Icy wind whips Kongpob’s scarf as he darts down the alley, fingers fumbling to slide into thick, brown gloves. He’s tired and full and ready for a rest.
His steps slow as he passes their corner but don’t stop. He doesn’t stop anymore.
Since the first flakes of snow fell on the city, he’s given up his vigil. No more does he linger at Mae Lek’s, his feet don’t beat the path to the bus station where he last saw Arthit either. He’s content now with his memories of their short lived romance. Even if the memories of Arthit still linger on his skin.
The images will play on repeat when he’s alone and lonely in his tiny single bed. Sometimes, he falls asleep with Arthit’s name on his lips, sometimes he wakes up grasping for his hand. But he’s accepted now, he’s gone for good.
Kongpob has to.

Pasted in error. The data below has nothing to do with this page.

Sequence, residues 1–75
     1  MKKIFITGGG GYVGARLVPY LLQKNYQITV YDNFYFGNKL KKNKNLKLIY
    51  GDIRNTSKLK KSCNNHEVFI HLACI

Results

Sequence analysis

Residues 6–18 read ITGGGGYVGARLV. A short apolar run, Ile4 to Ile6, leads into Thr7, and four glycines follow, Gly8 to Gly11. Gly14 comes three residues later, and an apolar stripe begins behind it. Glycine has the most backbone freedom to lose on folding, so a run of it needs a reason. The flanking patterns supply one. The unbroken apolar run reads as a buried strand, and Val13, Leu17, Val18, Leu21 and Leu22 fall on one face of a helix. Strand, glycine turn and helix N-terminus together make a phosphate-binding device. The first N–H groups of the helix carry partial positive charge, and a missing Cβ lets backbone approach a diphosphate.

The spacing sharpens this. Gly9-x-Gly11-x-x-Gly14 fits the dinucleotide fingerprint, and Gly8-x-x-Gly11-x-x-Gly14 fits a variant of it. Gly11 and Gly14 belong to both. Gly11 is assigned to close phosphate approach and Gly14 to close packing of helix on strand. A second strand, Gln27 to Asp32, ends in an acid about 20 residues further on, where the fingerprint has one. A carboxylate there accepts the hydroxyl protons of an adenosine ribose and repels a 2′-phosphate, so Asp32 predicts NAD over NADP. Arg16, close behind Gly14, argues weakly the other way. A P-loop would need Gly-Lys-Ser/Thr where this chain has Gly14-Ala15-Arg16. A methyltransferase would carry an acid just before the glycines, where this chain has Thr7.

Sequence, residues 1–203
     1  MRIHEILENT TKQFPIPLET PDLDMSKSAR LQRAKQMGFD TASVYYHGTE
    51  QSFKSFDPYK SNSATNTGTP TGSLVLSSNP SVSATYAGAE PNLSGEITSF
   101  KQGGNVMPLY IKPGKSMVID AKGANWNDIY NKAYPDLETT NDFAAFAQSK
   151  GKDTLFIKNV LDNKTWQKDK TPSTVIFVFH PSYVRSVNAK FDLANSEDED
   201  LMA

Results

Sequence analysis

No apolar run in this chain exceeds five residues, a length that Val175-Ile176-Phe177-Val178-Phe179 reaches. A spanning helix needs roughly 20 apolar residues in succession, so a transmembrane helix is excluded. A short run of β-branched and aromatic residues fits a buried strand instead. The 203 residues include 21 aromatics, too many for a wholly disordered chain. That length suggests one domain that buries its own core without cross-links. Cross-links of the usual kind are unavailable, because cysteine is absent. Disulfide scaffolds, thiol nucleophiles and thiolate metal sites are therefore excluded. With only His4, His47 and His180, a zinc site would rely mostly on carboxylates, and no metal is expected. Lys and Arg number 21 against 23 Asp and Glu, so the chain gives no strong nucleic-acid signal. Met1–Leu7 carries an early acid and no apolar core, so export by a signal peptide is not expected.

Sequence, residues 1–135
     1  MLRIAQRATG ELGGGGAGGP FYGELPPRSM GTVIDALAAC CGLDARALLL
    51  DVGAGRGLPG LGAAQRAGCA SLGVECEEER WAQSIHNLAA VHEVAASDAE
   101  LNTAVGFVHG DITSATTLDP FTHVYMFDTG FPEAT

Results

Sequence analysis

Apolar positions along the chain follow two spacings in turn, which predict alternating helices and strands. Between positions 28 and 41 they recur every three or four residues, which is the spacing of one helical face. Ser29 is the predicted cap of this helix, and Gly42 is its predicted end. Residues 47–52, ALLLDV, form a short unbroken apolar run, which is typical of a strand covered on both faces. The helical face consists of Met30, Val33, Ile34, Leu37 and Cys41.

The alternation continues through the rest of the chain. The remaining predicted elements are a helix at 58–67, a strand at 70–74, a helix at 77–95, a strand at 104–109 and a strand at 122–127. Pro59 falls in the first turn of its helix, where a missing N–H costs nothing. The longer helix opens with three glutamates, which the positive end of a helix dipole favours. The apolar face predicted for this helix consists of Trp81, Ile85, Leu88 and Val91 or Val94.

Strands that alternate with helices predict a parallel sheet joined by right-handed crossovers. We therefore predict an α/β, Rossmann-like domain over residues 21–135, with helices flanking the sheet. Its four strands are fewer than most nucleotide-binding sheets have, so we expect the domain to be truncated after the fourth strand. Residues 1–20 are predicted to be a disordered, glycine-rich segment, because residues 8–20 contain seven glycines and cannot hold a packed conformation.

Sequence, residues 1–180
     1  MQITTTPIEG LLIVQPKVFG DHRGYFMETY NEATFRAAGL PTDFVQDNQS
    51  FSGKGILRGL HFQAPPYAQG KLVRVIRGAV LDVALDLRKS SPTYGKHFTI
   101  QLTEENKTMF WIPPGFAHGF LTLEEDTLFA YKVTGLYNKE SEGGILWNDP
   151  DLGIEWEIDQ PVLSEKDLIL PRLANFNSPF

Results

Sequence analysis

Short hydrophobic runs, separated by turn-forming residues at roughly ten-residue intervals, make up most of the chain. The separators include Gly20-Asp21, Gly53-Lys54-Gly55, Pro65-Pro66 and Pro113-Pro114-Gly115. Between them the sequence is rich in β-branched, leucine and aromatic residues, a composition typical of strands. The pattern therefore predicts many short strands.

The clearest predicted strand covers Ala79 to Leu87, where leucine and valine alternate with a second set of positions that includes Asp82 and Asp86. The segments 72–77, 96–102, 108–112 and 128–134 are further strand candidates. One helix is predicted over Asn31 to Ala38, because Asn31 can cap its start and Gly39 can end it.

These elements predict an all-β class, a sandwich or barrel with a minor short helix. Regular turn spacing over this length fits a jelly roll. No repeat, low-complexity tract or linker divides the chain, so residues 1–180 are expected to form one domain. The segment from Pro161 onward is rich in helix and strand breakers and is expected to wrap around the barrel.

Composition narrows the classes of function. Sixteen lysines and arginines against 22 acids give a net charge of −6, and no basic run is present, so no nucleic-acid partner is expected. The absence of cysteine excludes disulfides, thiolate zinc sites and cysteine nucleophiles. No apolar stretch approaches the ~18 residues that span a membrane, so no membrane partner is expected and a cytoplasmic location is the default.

Work distracts him. He takes every hour he can and only rarely finds his feet carrying him to Chinatown, bathed in neon light and strung with tiny lanterns for the winter months. When he’s there, there’s a cavern in his chest that slowly fills with warmth from the steaming noodle broth, with the chatter from the myriad of tiny stalls that have sprung up selling Christmas gifts, with the explosion of memories that assault his senses. He breathes better when he comes here, like his lungs need this place to truly let him exhale.
He gulps it in, then leaves for home where his mother rocks in her chair and calls out his father’s name and begs him to take her home.
He’s thinking about it.
There’s little that holds him here now.
Arthit’s path brings him to the Greyhound at last. There’s a bus already thrumming, the engine turning over as the driver welcomes everyone on board and Arthit clutches at his ticket, at the dirty, torn strip of paper that will see him to the next destination.